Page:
The next issue of Agriculture and Human Values is now published

AHV_10460The latest issue of the academic journal I edit, volume 34, issue 3, of Agriculture and Human Values, has just been published online (here). There are 17 articles published in this issue along with four book reviews.

A brief summary of the articles is as follows: Forssell and Lankoski examine the hybrid nature of alternative food system in their study of alternative food retailers. Trivette elaborates on the mechanisms by which participants in local food systems build trust and develop reciprocity relationships with each other. Inghelbrecht et al use mediation theory to assess how GM crops affect both the human-technology relationship and the ongoing debate about GM crops in the EU. Winson and Choi argue that the concept of dietary regimes can provides insights about the factors that affect the food choices of people and the food environments within which they act. Gartaula et al examine political, economic and social factors affecting the food security and wellbeing of smallholder households in Nepal. Murakami et al present the case of a college sustainable agriculture course to illustrate how to incorporate the study of wicked problems and sociological tensions in a learning community. VanWinkle and Friedman identify the historical roots of farmer perceptions about the environment. Gupta and Makov assess the “localness” of food through two indicators of the origins of production inputs–economic value and physical mass. Minkoff-Zern and Sloat examine how policies and programs of the US Department of Agriculture facilitate or impede farming activities of Latino immigrants. Quark and Lienesch examine how the definition of legitimate science affects policy debates regarding food regime transitions. Laforge et al develop a typology of interactions between farmers and government food safety regulators. Thompson et al study the perceptions of food safety by directors of farm to school programs. Wills and Arundel assess whether online food retailers can be part of or participate in alternative food networks. Baur et al show how bureaucratic efforts to promote and enforce food safety affect the people who work in the food system. Leslie examines Argentinian farmers markets in order to learn how alternative food networks react to and evolve in neoliberal economic environments. Olivier and Heinecken evaluate the potential for NGOs to support urban agriculture projects, promote social capital and benefit and empower women. Eakin et al introduce a typology describing different aspects of food system sustainability.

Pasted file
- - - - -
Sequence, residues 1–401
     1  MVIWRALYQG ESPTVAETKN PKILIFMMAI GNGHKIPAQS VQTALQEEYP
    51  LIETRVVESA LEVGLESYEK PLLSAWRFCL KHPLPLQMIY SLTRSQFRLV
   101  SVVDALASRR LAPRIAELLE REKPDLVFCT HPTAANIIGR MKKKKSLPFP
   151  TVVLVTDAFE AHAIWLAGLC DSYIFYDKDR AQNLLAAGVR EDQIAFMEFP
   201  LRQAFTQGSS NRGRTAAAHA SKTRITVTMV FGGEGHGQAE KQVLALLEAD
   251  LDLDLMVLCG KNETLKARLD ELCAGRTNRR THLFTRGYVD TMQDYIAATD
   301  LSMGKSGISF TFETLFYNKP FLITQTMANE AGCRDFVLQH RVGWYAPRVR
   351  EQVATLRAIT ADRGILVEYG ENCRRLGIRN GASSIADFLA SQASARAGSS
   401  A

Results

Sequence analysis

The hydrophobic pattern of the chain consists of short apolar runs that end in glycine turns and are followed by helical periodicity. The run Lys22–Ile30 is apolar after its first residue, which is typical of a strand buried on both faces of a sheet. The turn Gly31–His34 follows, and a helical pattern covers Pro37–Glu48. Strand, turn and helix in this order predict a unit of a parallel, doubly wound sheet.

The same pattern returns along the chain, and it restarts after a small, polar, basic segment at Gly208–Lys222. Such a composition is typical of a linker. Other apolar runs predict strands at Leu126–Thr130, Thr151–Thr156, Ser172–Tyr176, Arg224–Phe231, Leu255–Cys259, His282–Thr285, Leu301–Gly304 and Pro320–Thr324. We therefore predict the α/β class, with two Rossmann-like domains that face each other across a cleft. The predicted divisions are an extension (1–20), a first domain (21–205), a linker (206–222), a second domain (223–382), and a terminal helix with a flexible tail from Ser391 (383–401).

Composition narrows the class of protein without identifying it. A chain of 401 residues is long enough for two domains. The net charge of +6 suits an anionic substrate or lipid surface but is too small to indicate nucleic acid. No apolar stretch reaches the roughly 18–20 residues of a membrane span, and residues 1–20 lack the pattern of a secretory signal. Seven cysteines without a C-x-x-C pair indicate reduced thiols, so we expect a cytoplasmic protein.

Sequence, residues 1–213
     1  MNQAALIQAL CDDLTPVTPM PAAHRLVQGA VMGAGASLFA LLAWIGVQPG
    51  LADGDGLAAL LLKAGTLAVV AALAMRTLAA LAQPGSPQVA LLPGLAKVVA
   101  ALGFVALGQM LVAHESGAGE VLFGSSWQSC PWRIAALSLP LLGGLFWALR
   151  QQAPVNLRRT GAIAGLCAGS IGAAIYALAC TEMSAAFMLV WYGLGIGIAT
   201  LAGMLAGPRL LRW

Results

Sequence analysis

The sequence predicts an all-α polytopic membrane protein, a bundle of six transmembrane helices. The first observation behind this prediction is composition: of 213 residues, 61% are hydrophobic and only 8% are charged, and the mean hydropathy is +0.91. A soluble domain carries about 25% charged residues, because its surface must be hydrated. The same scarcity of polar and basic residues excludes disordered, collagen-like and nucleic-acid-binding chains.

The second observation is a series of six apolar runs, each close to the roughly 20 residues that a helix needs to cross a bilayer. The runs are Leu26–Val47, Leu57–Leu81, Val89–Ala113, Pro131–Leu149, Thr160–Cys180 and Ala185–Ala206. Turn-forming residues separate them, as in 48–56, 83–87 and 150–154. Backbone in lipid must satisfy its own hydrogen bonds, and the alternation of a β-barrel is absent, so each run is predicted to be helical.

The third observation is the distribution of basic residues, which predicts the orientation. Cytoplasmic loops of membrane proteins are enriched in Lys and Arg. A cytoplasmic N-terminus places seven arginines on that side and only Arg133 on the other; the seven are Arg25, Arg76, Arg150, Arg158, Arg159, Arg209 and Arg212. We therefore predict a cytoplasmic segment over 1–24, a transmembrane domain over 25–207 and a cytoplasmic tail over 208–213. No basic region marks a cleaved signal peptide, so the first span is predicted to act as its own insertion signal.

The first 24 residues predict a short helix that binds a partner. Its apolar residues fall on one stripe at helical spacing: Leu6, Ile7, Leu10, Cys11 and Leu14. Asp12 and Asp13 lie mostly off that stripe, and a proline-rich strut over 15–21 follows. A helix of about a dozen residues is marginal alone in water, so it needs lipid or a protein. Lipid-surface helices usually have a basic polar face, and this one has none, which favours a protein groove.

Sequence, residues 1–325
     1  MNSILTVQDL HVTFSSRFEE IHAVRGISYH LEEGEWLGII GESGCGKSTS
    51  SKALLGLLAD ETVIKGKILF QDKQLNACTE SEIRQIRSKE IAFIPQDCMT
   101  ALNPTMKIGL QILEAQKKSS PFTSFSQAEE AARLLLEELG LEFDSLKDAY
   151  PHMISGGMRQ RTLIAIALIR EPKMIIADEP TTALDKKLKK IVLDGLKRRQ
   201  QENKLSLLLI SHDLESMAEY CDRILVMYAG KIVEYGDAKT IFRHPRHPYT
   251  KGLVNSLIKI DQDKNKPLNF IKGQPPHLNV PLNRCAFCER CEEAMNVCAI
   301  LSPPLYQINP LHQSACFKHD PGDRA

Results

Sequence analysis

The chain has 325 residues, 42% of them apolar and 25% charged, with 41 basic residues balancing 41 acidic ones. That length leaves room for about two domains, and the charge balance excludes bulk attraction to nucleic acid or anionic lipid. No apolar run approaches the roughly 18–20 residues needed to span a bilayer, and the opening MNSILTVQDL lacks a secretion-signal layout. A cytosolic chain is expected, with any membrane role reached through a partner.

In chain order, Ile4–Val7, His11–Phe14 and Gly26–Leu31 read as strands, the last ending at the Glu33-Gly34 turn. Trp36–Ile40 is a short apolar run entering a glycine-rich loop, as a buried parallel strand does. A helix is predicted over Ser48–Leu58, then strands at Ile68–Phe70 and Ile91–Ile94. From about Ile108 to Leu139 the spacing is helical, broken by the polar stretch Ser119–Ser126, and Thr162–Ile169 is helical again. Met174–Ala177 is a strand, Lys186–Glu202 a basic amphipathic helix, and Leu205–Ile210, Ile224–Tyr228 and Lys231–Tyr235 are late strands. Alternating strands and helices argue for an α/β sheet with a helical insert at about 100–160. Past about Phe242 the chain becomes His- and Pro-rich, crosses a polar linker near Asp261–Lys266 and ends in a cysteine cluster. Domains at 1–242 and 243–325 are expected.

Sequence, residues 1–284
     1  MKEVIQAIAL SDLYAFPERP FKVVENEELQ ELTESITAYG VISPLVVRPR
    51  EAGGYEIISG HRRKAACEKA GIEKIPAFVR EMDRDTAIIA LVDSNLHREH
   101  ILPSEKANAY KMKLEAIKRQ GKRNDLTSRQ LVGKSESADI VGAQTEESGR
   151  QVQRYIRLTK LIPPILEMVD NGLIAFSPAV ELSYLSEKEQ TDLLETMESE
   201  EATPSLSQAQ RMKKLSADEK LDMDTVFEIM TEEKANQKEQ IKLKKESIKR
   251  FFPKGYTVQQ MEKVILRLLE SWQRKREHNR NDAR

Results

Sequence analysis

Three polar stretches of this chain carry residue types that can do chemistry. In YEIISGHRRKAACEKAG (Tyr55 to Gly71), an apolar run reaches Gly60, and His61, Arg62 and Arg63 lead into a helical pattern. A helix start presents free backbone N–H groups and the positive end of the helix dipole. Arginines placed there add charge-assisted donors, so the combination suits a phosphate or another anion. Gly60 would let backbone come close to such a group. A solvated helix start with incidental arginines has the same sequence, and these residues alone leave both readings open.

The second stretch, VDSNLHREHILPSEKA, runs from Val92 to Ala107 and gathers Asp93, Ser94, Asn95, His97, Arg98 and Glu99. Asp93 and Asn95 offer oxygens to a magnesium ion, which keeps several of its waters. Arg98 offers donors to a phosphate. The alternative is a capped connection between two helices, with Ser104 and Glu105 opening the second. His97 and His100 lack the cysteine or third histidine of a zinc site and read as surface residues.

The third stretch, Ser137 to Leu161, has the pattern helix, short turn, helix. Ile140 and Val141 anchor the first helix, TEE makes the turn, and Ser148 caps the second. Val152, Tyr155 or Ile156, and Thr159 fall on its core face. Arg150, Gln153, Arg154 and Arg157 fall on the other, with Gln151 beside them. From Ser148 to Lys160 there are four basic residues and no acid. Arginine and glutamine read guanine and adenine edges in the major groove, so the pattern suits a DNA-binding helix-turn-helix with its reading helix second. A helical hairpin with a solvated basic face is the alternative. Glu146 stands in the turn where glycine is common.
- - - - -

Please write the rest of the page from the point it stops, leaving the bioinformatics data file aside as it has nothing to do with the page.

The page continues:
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Author: Harvey James

Professor, Agricultural and Applied Economics, University of Missouri Editor-in-chief, Agriculture and Human Values

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